The Origin of Vampires

Vampires: The Origin of Dracula

What teenage girl in the early 2000s didn’t wish Edward Cullen would fly into her room at night and turn her into an ageless, flawless vampire as portrayed by Stephanie Meyer? I know I did. For decades, vampires have been an object of lust; the sheer idea of a mysterious figure of the night sweeping in, biting, and sucking on a young woman’s neck is what sexual fantasies are made of. While the modern-day vampire is portrayed in this sexual manner, the first infamous vampire, Dracula, was quite the opposite.

Vampires are an object of sexual fantasiesFor those who may already be scratching your head and thinking that Dracula was a character Bram Stoker made up in the 1800s, you may be surprised to learn that Dracula was a real person. To learn more about the origins of Dracula, and therefore vampires, a time travel to the mid-1400s in Romania—more specifically Transylvania—is needed. Thankfully, that’s exactly what we’ll be doing in this three-part study of vampires from historical character to pop culture phenomenon.

Vlad III: An Origin Story

Vlad III had grown up in a time of war between the Ottoman Empire and the Turks. At eleven years old, Vlad III and his younger brother, Radu, were captured and held as prisoners under Sultan Murad II. More specifically, they were held as hostages to force their father, Vlad II, who was the current voivode (prince) of Wallachia to behave himself during the ongoing war.

Vlad DracuaWhile Vlad III and Radu were tutored and treated with respect during their four-years of captivity, their father was not treated with the same respect. In 1447, Vlad II and his eldest son Mircea were overthrown by boyars (local noblemen) and eventually were tortured and killed in the swamps behind their home. Upon this news reaching the two remaining sons and their captors, Vlad II and Radu were released. Determined to regain his family’s rightful place as leader of Wallachia, Vlad III led his first campaign to overthrow Vladislav II, the current leader.

It’s said that his first attempt was successful, but was deposed only two months later. Defeated and frustrated with the Ottoman Empire he aligned himself with, Vlad III switched sides and sought the support of King Ladislaus V of Hungry for his next campaign. This switch proved to be a success as, in 1456, he regained his position as voivode of Wallachia. It was during his second reign that Vlad III took on the new name of Vlad Dracula in honor of his late father.

The Birth of Dracula

Before his death, Vlad II was inducted into the Order of the Dragan, a group of selected members who worked to defend Christianity. Upon his initiation into the order, Vlad II changed his name to Vlad Dracul, translating to Vlad Dragon. Paying homage to his fallen father, Vlad III took the name Vlad Dracula, meaning Vlad “Son of Dragon.”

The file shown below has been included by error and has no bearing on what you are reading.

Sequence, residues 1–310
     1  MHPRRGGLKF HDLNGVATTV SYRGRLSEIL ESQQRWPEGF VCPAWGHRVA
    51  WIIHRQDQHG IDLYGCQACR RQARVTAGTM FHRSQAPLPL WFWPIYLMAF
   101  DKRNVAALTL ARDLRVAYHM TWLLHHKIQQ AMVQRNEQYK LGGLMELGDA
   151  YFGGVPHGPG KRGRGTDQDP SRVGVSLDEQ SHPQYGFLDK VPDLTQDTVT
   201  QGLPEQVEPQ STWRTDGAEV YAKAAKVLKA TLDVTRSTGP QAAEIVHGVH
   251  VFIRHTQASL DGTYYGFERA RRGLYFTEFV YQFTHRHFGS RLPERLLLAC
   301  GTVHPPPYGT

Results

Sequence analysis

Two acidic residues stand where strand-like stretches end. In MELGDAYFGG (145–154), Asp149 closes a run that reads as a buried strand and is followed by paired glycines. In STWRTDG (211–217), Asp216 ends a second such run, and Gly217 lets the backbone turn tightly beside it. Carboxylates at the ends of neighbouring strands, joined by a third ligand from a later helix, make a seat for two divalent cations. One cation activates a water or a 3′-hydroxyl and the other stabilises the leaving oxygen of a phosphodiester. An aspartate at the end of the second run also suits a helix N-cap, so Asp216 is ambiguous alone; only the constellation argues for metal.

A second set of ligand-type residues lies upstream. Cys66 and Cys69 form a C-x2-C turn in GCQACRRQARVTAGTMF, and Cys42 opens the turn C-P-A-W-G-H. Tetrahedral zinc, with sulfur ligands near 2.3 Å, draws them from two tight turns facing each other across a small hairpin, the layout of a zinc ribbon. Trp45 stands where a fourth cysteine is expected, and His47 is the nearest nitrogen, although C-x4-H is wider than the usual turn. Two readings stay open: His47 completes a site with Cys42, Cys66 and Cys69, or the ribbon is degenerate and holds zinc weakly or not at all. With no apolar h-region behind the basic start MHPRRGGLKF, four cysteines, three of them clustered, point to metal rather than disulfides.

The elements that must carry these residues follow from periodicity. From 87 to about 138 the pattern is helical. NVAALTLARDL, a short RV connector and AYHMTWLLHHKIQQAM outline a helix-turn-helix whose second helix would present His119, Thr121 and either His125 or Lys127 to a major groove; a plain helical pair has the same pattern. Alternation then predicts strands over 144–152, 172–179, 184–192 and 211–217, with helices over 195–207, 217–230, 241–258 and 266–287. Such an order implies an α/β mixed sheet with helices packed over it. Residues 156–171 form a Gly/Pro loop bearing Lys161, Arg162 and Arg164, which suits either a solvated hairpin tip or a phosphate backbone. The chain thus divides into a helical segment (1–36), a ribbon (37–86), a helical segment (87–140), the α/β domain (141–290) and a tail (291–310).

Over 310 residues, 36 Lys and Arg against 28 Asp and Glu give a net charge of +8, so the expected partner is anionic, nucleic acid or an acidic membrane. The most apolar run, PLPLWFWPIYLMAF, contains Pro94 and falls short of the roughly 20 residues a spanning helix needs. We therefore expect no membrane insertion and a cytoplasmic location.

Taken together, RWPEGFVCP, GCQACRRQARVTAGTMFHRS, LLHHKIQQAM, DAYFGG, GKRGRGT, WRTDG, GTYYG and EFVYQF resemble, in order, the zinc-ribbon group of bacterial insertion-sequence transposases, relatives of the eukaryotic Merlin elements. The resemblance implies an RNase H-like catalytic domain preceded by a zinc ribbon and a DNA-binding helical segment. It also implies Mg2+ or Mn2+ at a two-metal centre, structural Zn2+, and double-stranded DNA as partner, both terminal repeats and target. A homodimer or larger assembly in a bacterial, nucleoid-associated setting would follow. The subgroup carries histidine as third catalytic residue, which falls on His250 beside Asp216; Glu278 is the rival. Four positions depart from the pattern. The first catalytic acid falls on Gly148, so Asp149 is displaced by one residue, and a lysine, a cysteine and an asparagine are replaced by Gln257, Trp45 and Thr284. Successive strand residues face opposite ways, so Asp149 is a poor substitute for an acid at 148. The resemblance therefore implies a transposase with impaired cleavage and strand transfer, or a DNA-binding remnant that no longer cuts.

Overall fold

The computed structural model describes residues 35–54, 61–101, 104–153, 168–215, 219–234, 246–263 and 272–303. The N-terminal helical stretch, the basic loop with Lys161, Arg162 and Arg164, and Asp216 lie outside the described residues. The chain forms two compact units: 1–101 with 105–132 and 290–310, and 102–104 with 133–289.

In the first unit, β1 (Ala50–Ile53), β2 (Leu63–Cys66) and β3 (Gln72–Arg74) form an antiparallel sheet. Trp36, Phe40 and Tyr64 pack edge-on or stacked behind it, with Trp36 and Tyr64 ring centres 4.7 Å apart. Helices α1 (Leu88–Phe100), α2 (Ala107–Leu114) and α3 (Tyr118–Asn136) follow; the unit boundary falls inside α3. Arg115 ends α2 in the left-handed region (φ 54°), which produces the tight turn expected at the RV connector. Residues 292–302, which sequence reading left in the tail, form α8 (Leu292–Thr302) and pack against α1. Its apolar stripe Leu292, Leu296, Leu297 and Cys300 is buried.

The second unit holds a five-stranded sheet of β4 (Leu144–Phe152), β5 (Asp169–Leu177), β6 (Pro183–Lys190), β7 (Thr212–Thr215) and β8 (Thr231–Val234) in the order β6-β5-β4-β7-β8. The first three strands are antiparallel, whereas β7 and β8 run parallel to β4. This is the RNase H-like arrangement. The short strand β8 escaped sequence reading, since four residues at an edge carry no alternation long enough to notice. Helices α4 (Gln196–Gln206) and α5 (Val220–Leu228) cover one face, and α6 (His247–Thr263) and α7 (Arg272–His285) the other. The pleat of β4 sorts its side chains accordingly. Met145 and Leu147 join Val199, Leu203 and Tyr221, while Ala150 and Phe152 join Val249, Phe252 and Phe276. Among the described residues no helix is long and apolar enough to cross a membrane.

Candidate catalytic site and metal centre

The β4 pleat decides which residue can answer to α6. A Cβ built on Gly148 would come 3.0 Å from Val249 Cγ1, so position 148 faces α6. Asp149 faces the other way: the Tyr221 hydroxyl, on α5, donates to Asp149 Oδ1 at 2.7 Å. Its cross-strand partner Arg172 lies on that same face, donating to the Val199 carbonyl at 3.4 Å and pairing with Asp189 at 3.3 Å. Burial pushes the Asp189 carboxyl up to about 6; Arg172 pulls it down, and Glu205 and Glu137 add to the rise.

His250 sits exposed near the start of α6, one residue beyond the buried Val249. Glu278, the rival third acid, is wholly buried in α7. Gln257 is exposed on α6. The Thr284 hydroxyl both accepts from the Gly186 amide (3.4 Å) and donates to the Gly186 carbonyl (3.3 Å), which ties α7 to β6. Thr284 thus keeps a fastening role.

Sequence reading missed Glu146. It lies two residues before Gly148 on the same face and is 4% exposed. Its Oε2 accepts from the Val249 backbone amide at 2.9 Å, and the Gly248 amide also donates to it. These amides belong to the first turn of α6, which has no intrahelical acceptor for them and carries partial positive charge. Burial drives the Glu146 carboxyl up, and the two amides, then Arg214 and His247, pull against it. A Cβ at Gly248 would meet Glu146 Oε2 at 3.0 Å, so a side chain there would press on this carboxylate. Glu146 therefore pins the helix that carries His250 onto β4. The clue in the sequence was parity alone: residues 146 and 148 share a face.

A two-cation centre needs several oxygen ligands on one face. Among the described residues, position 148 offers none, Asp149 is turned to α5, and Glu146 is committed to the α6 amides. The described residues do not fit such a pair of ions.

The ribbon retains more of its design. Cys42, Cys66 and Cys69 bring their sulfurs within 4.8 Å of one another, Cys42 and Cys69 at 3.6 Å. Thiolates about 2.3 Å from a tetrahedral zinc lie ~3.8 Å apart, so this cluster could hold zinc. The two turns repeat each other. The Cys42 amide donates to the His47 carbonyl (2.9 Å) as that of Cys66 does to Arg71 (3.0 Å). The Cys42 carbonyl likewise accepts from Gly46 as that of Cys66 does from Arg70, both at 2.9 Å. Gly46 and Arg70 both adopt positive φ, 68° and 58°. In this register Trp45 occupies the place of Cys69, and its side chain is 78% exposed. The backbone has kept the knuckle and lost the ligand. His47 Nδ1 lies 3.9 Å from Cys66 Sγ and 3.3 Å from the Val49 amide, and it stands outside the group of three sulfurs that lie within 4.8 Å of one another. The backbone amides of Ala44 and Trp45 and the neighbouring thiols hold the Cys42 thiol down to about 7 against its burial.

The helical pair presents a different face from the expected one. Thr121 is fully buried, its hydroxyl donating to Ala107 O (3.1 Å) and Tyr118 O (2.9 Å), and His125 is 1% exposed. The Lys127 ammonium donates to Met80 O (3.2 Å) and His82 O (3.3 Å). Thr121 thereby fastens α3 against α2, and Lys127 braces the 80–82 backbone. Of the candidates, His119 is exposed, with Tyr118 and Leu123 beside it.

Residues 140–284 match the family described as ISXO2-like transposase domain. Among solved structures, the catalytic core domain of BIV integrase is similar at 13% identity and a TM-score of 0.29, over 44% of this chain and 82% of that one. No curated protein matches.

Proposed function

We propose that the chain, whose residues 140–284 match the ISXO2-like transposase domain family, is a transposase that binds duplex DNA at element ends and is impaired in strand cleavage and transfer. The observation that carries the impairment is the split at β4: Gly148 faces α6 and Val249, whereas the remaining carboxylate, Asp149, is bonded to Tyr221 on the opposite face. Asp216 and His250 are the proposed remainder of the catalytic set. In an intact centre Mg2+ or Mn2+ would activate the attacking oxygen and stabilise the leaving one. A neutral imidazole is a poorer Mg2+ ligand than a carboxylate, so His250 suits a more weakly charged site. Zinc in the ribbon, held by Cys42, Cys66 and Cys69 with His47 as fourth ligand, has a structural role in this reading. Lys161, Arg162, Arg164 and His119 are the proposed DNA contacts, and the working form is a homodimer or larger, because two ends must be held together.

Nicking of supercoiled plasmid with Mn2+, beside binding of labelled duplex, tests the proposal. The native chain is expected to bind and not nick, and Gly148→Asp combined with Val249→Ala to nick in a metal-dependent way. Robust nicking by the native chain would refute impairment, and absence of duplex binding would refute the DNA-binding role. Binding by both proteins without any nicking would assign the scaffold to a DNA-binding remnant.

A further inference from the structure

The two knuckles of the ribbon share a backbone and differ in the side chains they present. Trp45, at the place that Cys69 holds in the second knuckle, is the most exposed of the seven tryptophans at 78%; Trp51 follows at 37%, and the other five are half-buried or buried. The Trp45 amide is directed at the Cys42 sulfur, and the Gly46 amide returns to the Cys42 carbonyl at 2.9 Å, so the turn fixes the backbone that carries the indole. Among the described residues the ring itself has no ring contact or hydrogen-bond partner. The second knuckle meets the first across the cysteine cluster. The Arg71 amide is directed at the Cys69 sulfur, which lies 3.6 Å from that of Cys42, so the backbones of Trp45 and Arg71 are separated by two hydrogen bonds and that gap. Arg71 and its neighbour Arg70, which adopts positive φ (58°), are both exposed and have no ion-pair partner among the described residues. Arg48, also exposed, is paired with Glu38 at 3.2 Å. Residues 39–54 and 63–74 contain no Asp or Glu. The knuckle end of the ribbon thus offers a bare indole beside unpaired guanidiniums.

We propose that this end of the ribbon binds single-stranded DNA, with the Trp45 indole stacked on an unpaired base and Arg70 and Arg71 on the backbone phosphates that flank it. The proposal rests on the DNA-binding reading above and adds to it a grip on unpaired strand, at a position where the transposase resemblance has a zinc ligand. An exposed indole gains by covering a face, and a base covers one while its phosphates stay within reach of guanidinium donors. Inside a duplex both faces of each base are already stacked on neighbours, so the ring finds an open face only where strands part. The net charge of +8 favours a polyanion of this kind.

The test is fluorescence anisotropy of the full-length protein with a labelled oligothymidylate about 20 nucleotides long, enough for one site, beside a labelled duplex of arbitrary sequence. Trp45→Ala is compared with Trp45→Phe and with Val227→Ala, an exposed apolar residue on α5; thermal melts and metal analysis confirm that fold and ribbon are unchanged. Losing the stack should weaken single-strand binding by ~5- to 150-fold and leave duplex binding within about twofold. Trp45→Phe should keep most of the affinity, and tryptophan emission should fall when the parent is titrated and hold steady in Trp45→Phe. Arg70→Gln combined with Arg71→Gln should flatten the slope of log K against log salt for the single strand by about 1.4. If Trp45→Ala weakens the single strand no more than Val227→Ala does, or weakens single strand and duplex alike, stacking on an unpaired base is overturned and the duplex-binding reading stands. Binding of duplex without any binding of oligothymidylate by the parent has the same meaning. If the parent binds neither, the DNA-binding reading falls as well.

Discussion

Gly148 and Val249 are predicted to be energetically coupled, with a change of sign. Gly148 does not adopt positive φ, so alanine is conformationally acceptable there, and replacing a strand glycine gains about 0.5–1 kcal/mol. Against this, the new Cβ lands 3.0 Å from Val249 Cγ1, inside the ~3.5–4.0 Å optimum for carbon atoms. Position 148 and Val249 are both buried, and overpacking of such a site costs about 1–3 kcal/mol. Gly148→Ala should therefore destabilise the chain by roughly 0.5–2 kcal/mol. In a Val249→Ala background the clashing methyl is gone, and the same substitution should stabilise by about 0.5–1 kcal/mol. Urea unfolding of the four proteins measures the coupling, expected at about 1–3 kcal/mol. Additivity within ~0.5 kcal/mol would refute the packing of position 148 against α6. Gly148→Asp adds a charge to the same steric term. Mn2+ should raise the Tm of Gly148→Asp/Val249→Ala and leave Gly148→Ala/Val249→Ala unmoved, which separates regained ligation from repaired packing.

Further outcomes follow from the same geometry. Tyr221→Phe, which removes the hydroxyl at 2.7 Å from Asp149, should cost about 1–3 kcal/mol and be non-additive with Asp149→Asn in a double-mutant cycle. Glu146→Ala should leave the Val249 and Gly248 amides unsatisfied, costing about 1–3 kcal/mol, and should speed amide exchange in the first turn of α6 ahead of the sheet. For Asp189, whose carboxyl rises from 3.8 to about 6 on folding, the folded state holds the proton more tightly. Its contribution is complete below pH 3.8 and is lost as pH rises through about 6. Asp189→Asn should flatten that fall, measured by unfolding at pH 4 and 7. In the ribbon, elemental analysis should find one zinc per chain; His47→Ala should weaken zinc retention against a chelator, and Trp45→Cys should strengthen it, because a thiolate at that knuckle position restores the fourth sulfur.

It was during his second reign as voivode of Wallachia that is likely his most infamous. Needing to assert his dominance over his people, since it’s believed that some preferred the leadership of Vladislav II over Vlad II. To do so, it’s said that Vlad Dracula invited those who opposed him to join in a banquet. During this banquet, the guests were stabbed and impaled on wooden stakes, hence the start of the nickname Vlad the Impaler.

Vlad the ImpalerImpaling is a deliberate, excruciating death—possibly one of the worst ways to die. It consists of placing a body on an oiled stake and leaving them there. As time passes, the weight of the body would force it to travel downward on the stake, forcing its way up the body, typically starting at the rectum.

After his victims were impaled, the bodies would be on display for all the world to see. It’s said that Vlad would then dine among these impaled bodies and would even drink their blood. While Stoker’s portrayal of Dracula consisted of sucking the blood from his victims, Vlad chose a different approach. He would collect the blood that was oozing down the impaling stake, dip a slice of bread into the collected blood, and suck it dry.

While there is no documented proof, it’s believed that Vlad Dracula killed thousands of people throughout his six-year reign. In all, the estimated number of fatalities is in the 80,000 range, 20,000 of which are believed to have been victims of impaling.

Dracula’s Downfall & Demise

Vlad spent the next 13 years once again in the captivity of the Ottoman Empire, however, he did return to the throne once more in 1475 after his younger brother Radu died. His third reign was far less notable than his second as he was killed in battle just one year later.

Dracula Horror Icon

Photo Credit: George Hodan

When in 1931 the supposed final resting place for Vlad Dracula was excavated, only the bones of an ox and some artifacts were found. While some believe this monastery in which he was buried is not the final resting place of Wallachia’s calloused ruler, some Romanians believe that something more supernatural, something eviler happened to Vlad’s body. They believe that Dracula was destined to be a strigoi. Strigoi, as Romanian folklore has it, are troubled spirits who have come back to life.

While Strigoi can take the shape of whatever they want, it’s said that the most common form they take is that of werewolves, followed by humans or vampires. Due to Vlad Dracula’s tortured life, many believe that his only destiny was to become a strigoi.

Ruthless Leader to Vegetarian Sex Object

So, now that you know the origin story of Dracula, how exactly did we get from the ruthless torture of Vlad Dracula—a real-life nightmare—to a figure of glittering, vegetarian beauty? You’ll just have to read part two to learn more!

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